“The admirable book Reggaeton . . . invites us to carefully ‘read’ this extraordinary musical and social phenomenon of our times. . . . The authors in this volume extensively document the crossing of geographic, racial, ethnic and linguistic borders. . . . As the essays in this book skillfully demonstrate, the ‘reggaeton nation’ constantly moves between numerous countries and cities, between Spanish and English, between Caribbean and African American rhythms.” (Translated from the Spanish) - Jorge Duany, El Nuevo Día

“I cannot overstate how critically important this volume is. It captures the synergies of a musical and cultural movement that few have seriously grappled with, even as the sounds and styles of reggaeton have dominated the air space of so many urban locales.”—Mark Anthony Neal, author of Soul Babies: Black Popular Culture and the Post-Soul Aesthetic

“It’s about time academia dared to include reggaeton. This might mean that we’re finally understanding that all of us are los de atrás (the ones behind): our country, Puerto Rico, and the whole Caribbean. I hope people support this book so it can be translated into Spanish, and kids in Puerto Rico and Latin America can read it. Because we Caribbean people, even if we don’t want to, even if we don’t like it, even if it hurts, we come from behind . . . and there’s a value to that. There’s a beauty to being los de atrás.”—Residente, frontman of the Grammy and Latin Grammy award-winning duo Calle 13

“The kinetic contributions in Reggaeton melt false borders—ones wrapped like straitjackets around peoples, knowledges, and cultures—and move the crowd. More than an exciting, exhaustive treatment of this vital musical culture, this anthology is a fine blueprint for engaged cultural scholarship right now.”—Jeff Chang, author of Can’t Stop Won’t Stop: A History of the Hip-Hop Generation

“This anthology opens a chapter in hip-hop history that brings it all back home, back to our transnational Afro-Spanish-speaking countries and diasporas and ’hoods where young people are going through their hip-hop ecstasies and traumas, but in their own language, and in their own unique and hitherto-unknown style.”—Juan Flores, author of From Bomba to Hip-Hop: Puerto Rican Culture and Latino Identity, from the foreword to Reggaeton

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Product Details

  • ISBN-13: 9780822392323
  • Publisher: Duke University Press
  • Publication date: 7/1/2010
  • Series: Refiguring American Music
  • Sold by: Barnes & Noble
  • Format: eBook
  • File size: 3 MB

Meet the Author

Raquel Z. Rivera is a Researcher at the Center for Puerto Rican Studies at Hunter College, City University of New York. She is the author of New York Ricans from the Hip Hop Zone and many articles for magazines and newspapers including Vibe, Urban Latino, El Diario/La Prensa, El Nuevo Día, and Claridad. She blogs at reggaetonica.blogspot.com.

Wayne Marshall is the Florence Levy Kay Fellow in Ethnomusicology at Brandeis University. He blogs at wayneandwax.com, from which a post on reggaeton was selected for the Da Capo Best Music Writing 2006 anthology.

Deborah Pacini Hernandez is Associate Professor of Anthropology at Tufts University. The author of Bachata: A Social History of a Dominican Popular Music and a co-editor of Rockin’ Las Americas: The Global Politics of Rock in Latin/o America, she has written many articles on Spanish Caribbean and U.S. Latino popular music.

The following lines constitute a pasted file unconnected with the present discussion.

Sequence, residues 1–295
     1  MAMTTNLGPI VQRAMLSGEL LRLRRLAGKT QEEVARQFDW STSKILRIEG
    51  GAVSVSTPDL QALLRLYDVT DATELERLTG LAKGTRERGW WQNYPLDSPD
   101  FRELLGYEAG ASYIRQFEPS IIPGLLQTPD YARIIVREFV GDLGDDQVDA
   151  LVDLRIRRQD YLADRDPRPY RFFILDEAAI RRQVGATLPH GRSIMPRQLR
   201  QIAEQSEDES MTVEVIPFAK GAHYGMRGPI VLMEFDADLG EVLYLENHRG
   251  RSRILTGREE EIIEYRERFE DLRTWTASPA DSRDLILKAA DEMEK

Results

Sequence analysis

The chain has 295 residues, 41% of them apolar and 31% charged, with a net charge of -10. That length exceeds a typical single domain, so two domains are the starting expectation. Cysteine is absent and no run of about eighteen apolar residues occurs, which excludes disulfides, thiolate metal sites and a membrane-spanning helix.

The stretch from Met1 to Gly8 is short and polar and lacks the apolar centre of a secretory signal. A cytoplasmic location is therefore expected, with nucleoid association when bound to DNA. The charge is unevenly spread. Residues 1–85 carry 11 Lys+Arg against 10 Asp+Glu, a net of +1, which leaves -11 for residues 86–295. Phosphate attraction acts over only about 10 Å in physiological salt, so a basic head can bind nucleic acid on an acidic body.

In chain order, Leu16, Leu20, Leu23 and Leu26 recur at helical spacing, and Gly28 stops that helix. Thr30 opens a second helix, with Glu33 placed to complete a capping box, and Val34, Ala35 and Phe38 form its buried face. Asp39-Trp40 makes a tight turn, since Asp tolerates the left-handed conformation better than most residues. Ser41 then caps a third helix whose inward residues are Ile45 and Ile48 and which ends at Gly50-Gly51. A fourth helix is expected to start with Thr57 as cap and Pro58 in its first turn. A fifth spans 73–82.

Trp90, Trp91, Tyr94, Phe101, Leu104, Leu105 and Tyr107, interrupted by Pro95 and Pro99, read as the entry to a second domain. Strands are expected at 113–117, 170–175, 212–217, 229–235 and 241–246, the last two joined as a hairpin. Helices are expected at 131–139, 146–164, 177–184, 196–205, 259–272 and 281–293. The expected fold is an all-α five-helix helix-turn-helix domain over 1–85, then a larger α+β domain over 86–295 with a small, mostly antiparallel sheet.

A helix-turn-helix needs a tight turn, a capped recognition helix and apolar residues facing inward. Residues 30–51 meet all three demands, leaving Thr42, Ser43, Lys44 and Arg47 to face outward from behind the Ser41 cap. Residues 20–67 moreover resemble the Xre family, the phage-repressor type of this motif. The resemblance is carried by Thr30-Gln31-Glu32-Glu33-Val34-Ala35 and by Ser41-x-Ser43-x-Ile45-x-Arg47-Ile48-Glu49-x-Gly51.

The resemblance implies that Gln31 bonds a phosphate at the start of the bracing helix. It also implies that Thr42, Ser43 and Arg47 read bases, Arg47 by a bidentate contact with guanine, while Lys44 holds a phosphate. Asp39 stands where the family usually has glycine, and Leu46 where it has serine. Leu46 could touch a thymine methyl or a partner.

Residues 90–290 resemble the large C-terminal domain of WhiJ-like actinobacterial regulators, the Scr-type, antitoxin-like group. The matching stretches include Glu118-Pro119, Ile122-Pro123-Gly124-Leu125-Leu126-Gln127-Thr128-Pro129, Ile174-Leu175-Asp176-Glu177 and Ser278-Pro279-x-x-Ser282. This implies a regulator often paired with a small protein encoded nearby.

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Read an Excerpt


Duke University Press

All right reserved.

ISBN: 978-0-8223-4360-8

Chapter One


From Música Negra to Reggaeton Latino The Cultural Politics of Nation, Migration, and Commercialization

When Daddy Yankee's "Gasolina" galloped up the charts on a catchy chorus, some shifty snares, and a riff befitting a bullfight, it expressed as much a sense of where reggaeton had come from as where it might go. Though some detractors heard it as little more than the latest quasi-Caribbean commercial confection (and a rather sexist bit of ear and eye candy at that),8 a closer listen, with ears attuned to the genre's aesthetic history, reveals a number of ways that the song embodies a complex history of social and sonic circuitry. In particular, if one attends more carefully to the pista, or track, propelling the lexically and musically suggestive vocals of Daddy Yankee and his eager foil, Glory, one can hear Luny Tunes' sleek, powerful production not only as a quintessential example of contemporary, commercial reggaeton style but as a musical text engaging with a long history of circulating sounds, people, and ideas about self and other, race and place.

One might hear such social and sonic circuitry in the explicitly electronic sounds of "Gasolina," which include brittle, chintzy, "preset" virtual instruments from such popular music software as Fruity Loops (or, as it has rebranded itself, FL Studio) as well as more sophisticated "synth patches" offering sounds, such as orchestral strings, with a greater verisimilitude. Ranging from bright and needling to low and buzzy, the track's interwoven synthesizer lines evoke engagements with contemporary hip-hop, pop and R&B, dancehall reggae, and even techno as they provide a dense harmonic texture for Yankee's sing-song, rapid-fire rap. Conjuring club culture, the track's crescendoing kick drums and periodic "breakdowns" seem more clearly borrowed from "trance" and dance anthems than from any of reggaeton's more typically cited "tropical" sources. The harmonic movement of the track, shifting a semitone or half-step every other measure-especially with its galloping figures, adding 32nd note flourishes to propel the pista forward-may suggest to some, including listeners who first heard such clichés via the producers' namesake (i.e., Looney Tunes cartoons), the classic contours of bullfight music or pasodoble, as typified by Pascual Marquina Narro's well-worn sporting anthem, "España Cañí." Appearing to affirm such associations, Yankee boasts, "En la pista nos llaman los matadores" (On the track they call us the matadors). Figuring Spain in this manner, or Spanish colonial legacies (as mediated by pop culture fantasies), "Gasolina" not only features the harmonic movement and marchlike figures associated with bullfight music, it also employs, as do many contemporary reggaeton productions, a I-V or "oompah" style bassline, hence gesturing as well to the polka and other social dance forms that have long resounded across the colonial Americas (as can also be heard in Mexican banda).